- With the municipal council and mayoral elections in Salzburg in 2014 , the municipal council had the following distribution: 8 ÖVP and 5 SPÖ.
- With the municipal council and mayoral elections in Salzburg 2019 , the municipal council has the following distribution: 9 ÖVP, and 4 SPÖ.
- 1974–1987 Rupert Schaidreiter (ÖVP)
- 1987–2009 Josef Lederer (ÖVP)
- since 2009 Hans Toferer (ÖVP)
Over the years, several small and medium-sized companies have settled in Hüttschlag. They became important employers for the residents.
Another mainstay is tourism. Three hotels and other landlords in each accommodation category have around 550 guest beds. Together with Grossarl, Hüttschlag is part of the Grossarltal holiday region.
- Summer tourism
Hiking and mountaineering are the main tourist attractions in Hüttschlag in summer. The Grossarltal has received the nickname "The Valley of the Alms" due to its highest density of managed alpine pastures in the state of Salzburg. The Grossarltal offers around 400 km of marked hiking trails in every difficulty level and around 40 managed alpine pastures. Other activities in Hüttschlag include mountain biking, climbing and fishing. There is also a playground, a sports field and a beach volleyball court.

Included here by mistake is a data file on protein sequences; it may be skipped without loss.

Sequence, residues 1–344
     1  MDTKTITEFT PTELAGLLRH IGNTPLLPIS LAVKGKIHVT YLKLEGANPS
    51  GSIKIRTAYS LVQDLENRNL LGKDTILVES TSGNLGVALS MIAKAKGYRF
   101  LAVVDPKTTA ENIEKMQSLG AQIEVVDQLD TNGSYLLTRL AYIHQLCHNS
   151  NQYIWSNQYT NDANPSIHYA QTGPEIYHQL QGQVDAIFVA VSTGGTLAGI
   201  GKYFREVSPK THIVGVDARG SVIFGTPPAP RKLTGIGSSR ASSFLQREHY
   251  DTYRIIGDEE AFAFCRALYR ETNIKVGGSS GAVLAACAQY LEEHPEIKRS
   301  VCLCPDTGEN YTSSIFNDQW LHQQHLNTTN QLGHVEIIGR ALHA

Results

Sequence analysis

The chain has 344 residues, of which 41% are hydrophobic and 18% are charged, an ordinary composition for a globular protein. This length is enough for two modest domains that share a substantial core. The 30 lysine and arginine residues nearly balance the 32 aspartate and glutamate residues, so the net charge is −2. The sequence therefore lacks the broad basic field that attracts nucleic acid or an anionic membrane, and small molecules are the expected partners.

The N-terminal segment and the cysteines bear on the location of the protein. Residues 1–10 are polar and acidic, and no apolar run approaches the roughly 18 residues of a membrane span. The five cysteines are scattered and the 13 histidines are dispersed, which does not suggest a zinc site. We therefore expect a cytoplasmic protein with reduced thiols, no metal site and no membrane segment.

- Winter tourism
A free ski bus takes guests to the Grossarltal-Dorfgastein ski area, which is located in the middle of Ski amadé. There are around 80 kilometers of slopes and numerous modern lifts. The following winter activities are also offered in Hüttschlag: cross-country skiing, winter hiking, tobogganing, ice stock sport, snowshoeing, ski tours or horse-drawn sleigh rides.
Culture and sights
- Parish Church of St. Joseph
- Valley museum and Gasthof Talwirt with National Park information center
- mighty rock face opposite the place
- Chapel hiking trail List of chapels in Grossarltal
- Folk culture and clubs